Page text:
-excludes => { 'find_one' },
    };

By default when collapsing data into the DB, Mongoose always sends to the MongoDB driver an unblessed version of your attribute.
But there are special types of objects that the Perl MongoDB driver may expect to receive blessed, such as a "MongoDB::Code" object.
To skip the Mongoose Engine collapsing process altogether, use the "Raw" trait. That way, the MongoDB driver will receive the attribute as is.
    has code => ( is => 'rw', isa => 'MongoDB::Code', traits => ['Raw'] );

DateTime, DateTime::Tiny and BSON::Time objects are passed untouched to the MongoDB driver, so using the Raw helper is not necesary and not recommended.
This attribute:
    has date => (
        is      => 'rw',
        isa     => 'DateTime',
        default => sub{ DateTime->now }
    );
Is collapsed exactly the same as:
    has date => (
        is      => 'rw',
        isa     => 'DateTime',
        traits  => ['Raw'],
        default => sub{ DateTime->now }
    );
Which in turn is stored as:
    {
        "_id" : ObjectId("4c750574a74100a588000000"),
        "date" : ISODate("2012-12-20T05:00:49Z")
    }
Either way the object will be expanded back from the database into a "BSON::TIme" object. If you want to have it back as a DateTime object as in the old versions, you should not use the Raw trait and make sure your attribute 'isa' DateTime:
    has date => (
        is      => 'rw',
        isa     => 'DateTime',
        default => sub{ DateTime->now }
    );

Just use MongoDB's "find" standard syntax:
    # sorting
    Person->find->sort({ name => 1 })->each(sub{
        my $person = shift;
        print $person->name;
    });
    # paging
    Person->find->sort({ name => 1 })->skip(20)->limit(20)->each(sub{
        my $person = shift;
        print $person->name;
    });

Support for the FileHandle Moose type is done making use of MooseDB::GridFSBucket.
    package Thing;
    use Mongoose::Class; with 'Mongoose::Document';
    has 'file' => ( is=>'rw', isa=>'FileHandle' );
Then store it using a "FileHandle" type object:
    require IO::File;
    my $fh = new IO::File "myfile.txt", "r";
    my $t = Thing->new( file=>$fh );
    $t->save;
The file is stored in Mongo's GridFS using the field name and "_id" as filename. A special reference is created in your document to point to the GridFS file. The "thing" collection BSON may look like this:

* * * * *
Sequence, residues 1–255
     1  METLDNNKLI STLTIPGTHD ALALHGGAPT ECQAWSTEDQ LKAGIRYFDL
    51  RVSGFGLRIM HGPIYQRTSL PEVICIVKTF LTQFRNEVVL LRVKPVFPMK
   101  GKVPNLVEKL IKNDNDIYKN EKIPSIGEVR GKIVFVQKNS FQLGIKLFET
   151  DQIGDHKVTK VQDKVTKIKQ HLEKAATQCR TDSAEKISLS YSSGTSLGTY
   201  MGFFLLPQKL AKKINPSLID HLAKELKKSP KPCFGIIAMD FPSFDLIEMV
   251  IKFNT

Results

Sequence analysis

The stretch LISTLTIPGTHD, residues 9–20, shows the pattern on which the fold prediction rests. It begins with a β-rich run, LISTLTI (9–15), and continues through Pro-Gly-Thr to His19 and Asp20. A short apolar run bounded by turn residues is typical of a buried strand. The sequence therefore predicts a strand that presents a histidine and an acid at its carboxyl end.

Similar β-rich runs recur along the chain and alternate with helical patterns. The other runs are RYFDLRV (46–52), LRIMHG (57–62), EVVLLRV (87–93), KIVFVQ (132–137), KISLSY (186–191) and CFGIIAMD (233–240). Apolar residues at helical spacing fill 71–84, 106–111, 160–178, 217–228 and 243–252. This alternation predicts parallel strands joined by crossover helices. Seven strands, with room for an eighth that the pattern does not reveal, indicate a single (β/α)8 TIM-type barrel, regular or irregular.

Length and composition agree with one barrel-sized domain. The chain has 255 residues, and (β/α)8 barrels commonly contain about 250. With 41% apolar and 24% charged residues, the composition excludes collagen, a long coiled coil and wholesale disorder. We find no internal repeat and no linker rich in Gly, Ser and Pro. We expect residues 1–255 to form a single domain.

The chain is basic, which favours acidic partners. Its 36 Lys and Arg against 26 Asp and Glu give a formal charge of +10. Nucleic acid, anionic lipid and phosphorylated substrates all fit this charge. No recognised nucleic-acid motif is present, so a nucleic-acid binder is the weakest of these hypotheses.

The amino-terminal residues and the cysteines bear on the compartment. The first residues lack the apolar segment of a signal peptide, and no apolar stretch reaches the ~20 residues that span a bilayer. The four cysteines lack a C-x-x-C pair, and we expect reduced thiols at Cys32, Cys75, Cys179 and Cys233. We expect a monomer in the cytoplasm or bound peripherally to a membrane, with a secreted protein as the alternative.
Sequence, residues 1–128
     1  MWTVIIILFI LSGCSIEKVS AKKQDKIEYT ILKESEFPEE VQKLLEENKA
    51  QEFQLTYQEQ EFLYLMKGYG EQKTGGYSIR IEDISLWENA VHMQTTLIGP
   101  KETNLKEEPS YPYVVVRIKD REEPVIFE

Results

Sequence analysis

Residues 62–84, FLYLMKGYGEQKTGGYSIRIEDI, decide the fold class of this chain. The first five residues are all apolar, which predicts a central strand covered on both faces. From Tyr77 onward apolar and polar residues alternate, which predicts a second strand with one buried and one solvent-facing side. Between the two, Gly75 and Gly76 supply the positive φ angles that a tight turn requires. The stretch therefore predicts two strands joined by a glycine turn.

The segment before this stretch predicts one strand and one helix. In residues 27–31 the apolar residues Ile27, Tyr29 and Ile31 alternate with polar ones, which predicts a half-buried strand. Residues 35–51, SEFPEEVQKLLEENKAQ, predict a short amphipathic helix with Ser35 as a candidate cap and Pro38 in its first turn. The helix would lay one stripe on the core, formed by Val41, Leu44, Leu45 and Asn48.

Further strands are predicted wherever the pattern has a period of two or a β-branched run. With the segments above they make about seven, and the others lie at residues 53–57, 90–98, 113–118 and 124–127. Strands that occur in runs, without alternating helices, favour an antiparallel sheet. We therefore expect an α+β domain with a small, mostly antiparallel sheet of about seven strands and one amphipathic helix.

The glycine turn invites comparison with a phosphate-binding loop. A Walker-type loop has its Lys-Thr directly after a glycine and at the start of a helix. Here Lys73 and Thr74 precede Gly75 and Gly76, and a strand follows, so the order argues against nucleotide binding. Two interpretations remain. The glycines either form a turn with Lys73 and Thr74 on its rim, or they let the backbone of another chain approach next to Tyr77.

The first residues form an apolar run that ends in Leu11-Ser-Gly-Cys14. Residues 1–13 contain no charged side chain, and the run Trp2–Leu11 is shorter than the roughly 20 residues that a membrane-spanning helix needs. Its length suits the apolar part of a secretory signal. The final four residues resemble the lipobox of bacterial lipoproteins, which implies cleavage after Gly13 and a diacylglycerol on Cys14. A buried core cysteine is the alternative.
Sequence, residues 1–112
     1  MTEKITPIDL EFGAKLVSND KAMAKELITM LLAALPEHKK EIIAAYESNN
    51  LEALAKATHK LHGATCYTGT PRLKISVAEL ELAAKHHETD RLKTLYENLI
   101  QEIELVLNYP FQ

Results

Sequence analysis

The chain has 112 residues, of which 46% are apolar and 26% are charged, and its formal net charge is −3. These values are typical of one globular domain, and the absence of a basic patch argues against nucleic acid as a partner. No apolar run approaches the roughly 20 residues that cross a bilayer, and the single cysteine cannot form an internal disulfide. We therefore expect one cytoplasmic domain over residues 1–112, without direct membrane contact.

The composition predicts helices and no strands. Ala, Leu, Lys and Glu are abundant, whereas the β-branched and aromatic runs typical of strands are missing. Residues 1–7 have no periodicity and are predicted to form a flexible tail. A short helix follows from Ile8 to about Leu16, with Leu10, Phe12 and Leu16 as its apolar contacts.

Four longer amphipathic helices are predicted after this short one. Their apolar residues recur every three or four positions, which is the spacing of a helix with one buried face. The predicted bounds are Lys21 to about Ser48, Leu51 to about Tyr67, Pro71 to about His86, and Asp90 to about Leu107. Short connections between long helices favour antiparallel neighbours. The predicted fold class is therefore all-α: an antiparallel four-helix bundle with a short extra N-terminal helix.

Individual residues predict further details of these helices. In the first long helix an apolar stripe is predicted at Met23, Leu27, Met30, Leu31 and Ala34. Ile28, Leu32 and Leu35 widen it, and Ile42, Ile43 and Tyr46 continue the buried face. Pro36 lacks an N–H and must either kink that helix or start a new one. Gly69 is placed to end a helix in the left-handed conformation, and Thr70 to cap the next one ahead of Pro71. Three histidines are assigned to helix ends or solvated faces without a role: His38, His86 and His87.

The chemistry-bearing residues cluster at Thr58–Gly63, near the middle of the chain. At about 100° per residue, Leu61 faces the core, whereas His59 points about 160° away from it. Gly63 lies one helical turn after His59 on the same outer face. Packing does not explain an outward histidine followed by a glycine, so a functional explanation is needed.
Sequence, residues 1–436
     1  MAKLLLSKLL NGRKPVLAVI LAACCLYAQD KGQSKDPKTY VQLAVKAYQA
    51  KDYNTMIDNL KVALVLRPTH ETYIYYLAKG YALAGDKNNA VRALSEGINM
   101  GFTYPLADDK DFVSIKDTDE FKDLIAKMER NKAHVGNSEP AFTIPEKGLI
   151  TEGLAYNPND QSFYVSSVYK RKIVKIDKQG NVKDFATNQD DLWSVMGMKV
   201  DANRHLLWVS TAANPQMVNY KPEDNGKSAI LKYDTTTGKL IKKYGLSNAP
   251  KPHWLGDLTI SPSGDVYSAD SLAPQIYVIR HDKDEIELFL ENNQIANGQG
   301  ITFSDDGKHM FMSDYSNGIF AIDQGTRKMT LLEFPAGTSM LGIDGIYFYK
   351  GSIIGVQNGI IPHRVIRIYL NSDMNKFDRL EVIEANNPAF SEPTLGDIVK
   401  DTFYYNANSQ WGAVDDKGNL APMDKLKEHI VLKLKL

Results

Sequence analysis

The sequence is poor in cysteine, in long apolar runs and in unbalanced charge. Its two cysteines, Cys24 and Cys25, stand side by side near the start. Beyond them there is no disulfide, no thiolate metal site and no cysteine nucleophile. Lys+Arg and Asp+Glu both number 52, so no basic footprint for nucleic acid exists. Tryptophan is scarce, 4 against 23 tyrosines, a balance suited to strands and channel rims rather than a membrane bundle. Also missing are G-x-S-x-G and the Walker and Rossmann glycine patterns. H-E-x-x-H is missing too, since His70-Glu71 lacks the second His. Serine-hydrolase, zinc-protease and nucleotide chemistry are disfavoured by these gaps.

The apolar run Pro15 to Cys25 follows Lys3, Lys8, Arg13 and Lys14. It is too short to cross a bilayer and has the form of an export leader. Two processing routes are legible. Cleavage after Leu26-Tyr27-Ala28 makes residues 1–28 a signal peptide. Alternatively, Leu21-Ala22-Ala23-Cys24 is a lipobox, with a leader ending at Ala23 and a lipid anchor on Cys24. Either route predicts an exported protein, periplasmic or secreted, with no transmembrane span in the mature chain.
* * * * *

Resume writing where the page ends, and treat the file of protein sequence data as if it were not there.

{ "file":
        { "$ref": "FileHandle",
          "$id": ObjectId("4c7619d02f2e70d7a4140000") }
    }
When expanding the doc, the file attibute becomes a Mongoose::File, a wrapper of MongoDB::GridFSBucket::DownloadStream, which can be easily slurped or streamed.
    my $file = Thing->find_one->file;
    print $file->slurp;
This is asymmetric, which means it's probably best if you check the attribute if it isa "Mongoose::File" before using it as such, specially in your class methods.
    package Thing;
    # ...
    sub my_file_method {
        my $self = shift;
        if( $self->file->isa('Mongoose::File') ) {
            my $data = $file->slurp;
            # do stuff
        } else {
            # probably an IO::File filehandle still
        }
    }
This less-than-optimal asymmetric behavior may change in the future.

To skip Mongoose and have direct access to MongoDB, use the "db" and "collection" methods on your class:
    # finds and expands documents into objects
    my $cur = Person->find;
    # or just get the plain documents (hashrefs)
    my $cur = Person->collection->find;
    # get the MongoDB::Database object for your class
    my $db = Person->db;
    $db->run_command({ shutdown => 1 });
This can be useful for performance reasons, when you don't need to expand objects, or need to access MongoDB functionality not available in Mongoose. It's also useful for testing, to compare if some set of query results returned by Mongoose are identical to the straight MongoDB driver's results.

If you're passing around the "_id" attribute from your objects in, ie, a webapp, you're probably turning it into a string.
The MongoDB way of retrieving an "_id" from a string is a little annoying to type:
    $author_id = "4dd77f4ebf4342d711000000";
    $author = Author->find_one( BSON::OID->new( oid => pack("H*",$author_id) ) );
So, there is a shorthand variation of "find_one" to help you on this:
    $author = Author->find_one('4dd77f4ebf4342d711000000');
Will automatically search by "_id" on the given value by first turning it into a "BSON::OID".
2018-10-08 perl v5.28.1